In this quick and simple project, we’ll learn how to knit, how to cast on using the backward loop method, how to make an increase and 2 types of decrease, and how to bind off. We’ll also look at how to begin deciphering the mysterious code that knitting patterns seem to be written in!
You will need:
- Knitting needles – a size between US7 and US10
- A chunky yarn – I used a thick acrylic yarn – less than 1 skein
- tapestry needle for finishing
First lets have a look at the pattern.
|co 5 and knit 3 rows
row 1: k1, kfb, k to last 2 stitches, kfb, k1
Repeat these 2 rows 5 times (15 sts)
Knit plain until work measures 25cm
Row 1:k1, sl1k1psso, k until last 3 sts, k2tog, k1
Knit 3 rows and bind off
Oooo-kaaay… um, what?
Lets start with the first line – “co 5 sts“. The abbreviation ‘co’ (sometimes written ‘c/o’) stands for ‘cast on’ – and ‘sts’ is of course ‘stitches. There are several ways to cast on, depending on both personal preference and the qualities the edge should have, for example how stretchy it should be. Today we’ll use the simplest – the backward loop cast-on. This is not the best method for larger pieces, as it tends to get longer and loopier the more stitches you cast on, but today we’re only working with 5 stitches, and the other methods are a lot easier to learn once you are familiar with the knit stitch. So lets get you going!
Step 1, begin by making a slipknot in your yarn and sliding it onto the needle. Most cast-ons start with a slipknot. Step 2, holding the needle in your right hand and the long end of the yarn in your left, wrap the yarn clockwise round your thumb. Insert the needle into the loop (step 3), and transferring the loop to the needle, pull taut (step 4).
Repeat steps 2-4 three more times to cast on a total of 5 stitches.
OK, now you’re ready to knit! There are 2 styles of knitting – English (‘throwing’) and continental (‘picking’). I show you English style in the video below. Different knitters find different styles more comfortable. As to holding the needles and yarn, there is not really any right or wrong way – don’t let anyone tell you you’re ‘doing it wrong’! Experiment to find what works for you. For example, most English-style knitters tension the yarn by wrapping it around a finger. I find that awkward, so I don’t. It doesn’t seem to make a difference in the finished fabric! Anyway, on with the video:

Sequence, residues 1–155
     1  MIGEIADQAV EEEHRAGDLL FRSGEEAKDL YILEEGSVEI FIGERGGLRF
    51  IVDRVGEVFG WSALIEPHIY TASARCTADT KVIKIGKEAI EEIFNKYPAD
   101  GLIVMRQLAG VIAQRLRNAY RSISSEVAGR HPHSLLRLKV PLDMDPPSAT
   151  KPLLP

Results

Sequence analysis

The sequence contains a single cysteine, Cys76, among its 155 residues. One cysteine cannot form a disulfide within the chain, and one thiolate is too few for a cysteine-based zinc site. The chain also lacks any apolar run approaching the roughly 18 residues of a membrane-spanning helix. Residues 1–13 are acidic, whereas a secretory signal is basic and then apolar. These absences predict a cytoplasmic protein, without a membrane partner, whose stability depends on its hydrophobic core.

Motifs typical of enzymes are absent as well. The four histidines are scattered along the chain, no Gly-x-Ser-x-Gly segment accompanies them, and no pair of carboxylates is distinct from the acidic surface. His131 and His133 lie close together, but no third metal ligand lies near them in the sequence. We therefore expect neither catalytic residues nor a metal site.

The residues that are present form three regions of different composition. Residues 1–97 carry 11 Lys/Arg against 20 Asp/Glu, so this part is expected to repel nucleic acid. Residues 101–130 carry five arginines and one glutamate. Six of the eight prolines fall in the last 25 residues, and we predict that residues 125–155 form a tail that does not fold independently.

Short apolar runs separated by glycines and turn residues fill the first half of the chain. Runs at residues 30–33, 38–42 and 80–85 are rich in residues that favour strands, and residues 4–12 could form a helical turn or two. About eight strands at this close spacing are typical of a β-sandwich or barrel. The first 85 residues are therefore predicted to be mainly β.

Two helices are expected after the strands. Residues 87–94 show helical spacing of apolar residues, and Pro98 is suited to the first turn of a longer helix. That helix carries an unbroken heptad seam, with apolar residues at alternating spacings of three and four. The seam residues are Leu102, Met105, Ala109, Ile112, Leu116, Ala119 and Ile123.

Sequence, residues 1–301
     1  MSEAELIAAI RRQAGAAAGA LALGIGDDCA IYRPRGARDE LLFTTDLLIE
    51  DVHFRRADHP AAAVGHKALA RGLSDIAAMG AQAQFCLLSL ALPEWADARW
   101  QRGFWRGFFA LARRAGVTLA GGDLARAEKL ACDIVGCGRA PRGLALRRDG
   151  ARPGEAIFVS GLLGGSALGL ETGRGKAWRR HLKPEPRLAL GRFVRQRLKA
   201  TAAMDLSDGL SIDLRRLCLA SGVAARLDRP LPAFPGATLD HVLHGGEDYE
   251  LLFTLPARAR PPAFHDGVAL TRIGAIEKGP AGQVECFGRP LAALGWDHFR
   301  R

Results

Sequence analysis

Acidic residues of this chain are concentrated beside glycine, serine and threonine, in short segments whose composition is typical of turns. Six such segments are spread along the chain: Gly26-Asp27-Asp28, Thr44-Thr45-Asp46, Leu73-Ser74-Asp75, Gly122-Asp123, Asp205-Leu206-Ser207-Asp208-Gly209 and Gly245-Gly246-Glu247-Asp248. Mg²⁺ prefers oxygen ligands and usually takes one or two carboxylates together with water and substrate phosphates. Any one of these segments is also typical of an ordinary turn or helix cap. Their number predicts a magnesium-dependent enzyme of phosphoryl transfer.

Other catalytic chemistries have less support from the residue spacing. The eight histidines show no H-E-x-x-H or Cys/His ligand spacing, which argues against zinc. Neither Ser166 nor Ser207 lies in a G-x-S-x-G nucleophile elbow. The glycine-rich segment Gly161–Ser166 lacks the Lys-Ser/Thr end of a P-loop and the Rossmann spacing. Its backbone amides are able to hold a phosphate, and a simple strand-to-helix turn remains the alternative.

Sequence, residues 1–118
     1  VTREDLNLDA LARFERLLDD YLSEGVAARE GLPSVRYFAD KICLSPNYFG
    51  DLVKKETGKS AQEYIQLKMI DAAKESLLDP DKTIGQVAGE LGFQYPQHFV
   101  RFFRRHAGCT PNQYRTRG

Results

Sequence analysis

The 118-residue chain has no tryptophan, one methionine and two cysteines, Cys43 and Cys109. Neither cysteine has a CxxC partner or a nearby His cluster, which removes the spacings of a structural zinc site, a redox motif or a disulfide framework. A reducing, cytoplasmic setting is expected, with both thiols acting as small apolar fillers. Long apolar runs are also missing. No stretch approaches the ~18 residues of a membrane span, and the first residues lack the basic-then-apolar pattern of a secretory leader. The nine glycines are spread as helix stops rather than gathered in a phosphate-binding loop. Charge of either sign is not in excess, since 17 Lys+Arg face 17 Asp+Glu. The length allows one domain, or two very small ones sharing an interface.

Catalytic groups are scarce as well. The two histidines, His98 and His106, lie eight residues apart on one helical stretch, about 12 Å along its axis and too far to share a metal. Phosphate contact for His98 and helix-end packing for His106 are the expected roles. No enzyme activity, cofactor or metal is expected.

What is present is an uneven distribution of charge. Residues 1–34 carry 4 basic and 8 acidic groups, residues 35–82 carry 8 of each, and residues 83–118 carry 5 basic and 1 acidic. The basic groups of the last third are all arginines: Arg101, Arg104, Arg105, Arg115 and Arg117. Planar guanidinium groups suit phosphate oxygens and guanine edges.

(I think the next thing I need to make is a tripod – I videoed this with the camera between my teeth!)
As you can see, there are 4 steps to remember. First insert the right-hand needle through the next stitch – it should be behind the left-hand needle and going through the stitch in the same direction (i.e. both needles should go bottom-to-top). Wrap the yarn around and between the needles, back-to-front/left-to-right. Use the left-hand needle to lift the old stitch over the new one, then slip the old stitch off the left-hand needle.
Knit 3 rows.
The next section of the pattern reads “row 1: k1, kfb, k to last 2 stitches, kfb, k1“. Well, ‘k’ is ‘knit’ – and so ‘k1′ means ‘knit one stitch’. But what the heck is ‘kfb’? It stands for ‘knit front-and-back’, one of several ways to increase, or add a stitch. Knit front-and-back leaves a little bump, while other increases often leave a small hole. These are useful for lace knitting, but we don’t want holes today, so lets learn kfb.
It’s called ‘knit front-and-back’ because you’re actually knitting two new stitches into one – one into the front of the stitch and one into the back. If we tried to knit 2 stitches into the front, we’d just end up with one big loop, so we have to change direction, knitting into the back of the stitch. I made a quick video to demonstrate:
As you can see, you knit the first part of the stitch normally – but you don’t drop the stitch off the left-hand needle. Insert the right-hand needle again, this time in the opposite direction to the left-hand needle – into the back ‘leg’ of the stitch. wrap the yarn and make the second stitch in the same way as the first. Drop the stitch off the left-hand needle.
“row 1: k1, kfb, k to last 2 stitches, kfb, k1
row 2: knit
Repeat these 2 rows 5 times (15 sts)” – so, we’re knitting one stitch, making an increase in the next stitch, knitting across until there are 2 stitches remaining on the left-hand needle, making another increase in the next stitch, and knitting the last stitch. This means you are adding 2 stitches. The next row is just plain knitting. We’ll do these rows 5 times in total, which means we should end up with 15 stitches on the needle.
From here on in, it’s plain knitting for a while – until it measures about 25cm from the cast-on edge to just below the needle. We’ll pick up this project again on Friday, when I’ll be teaching you two different decreases, and how to bind off. Happy knitting!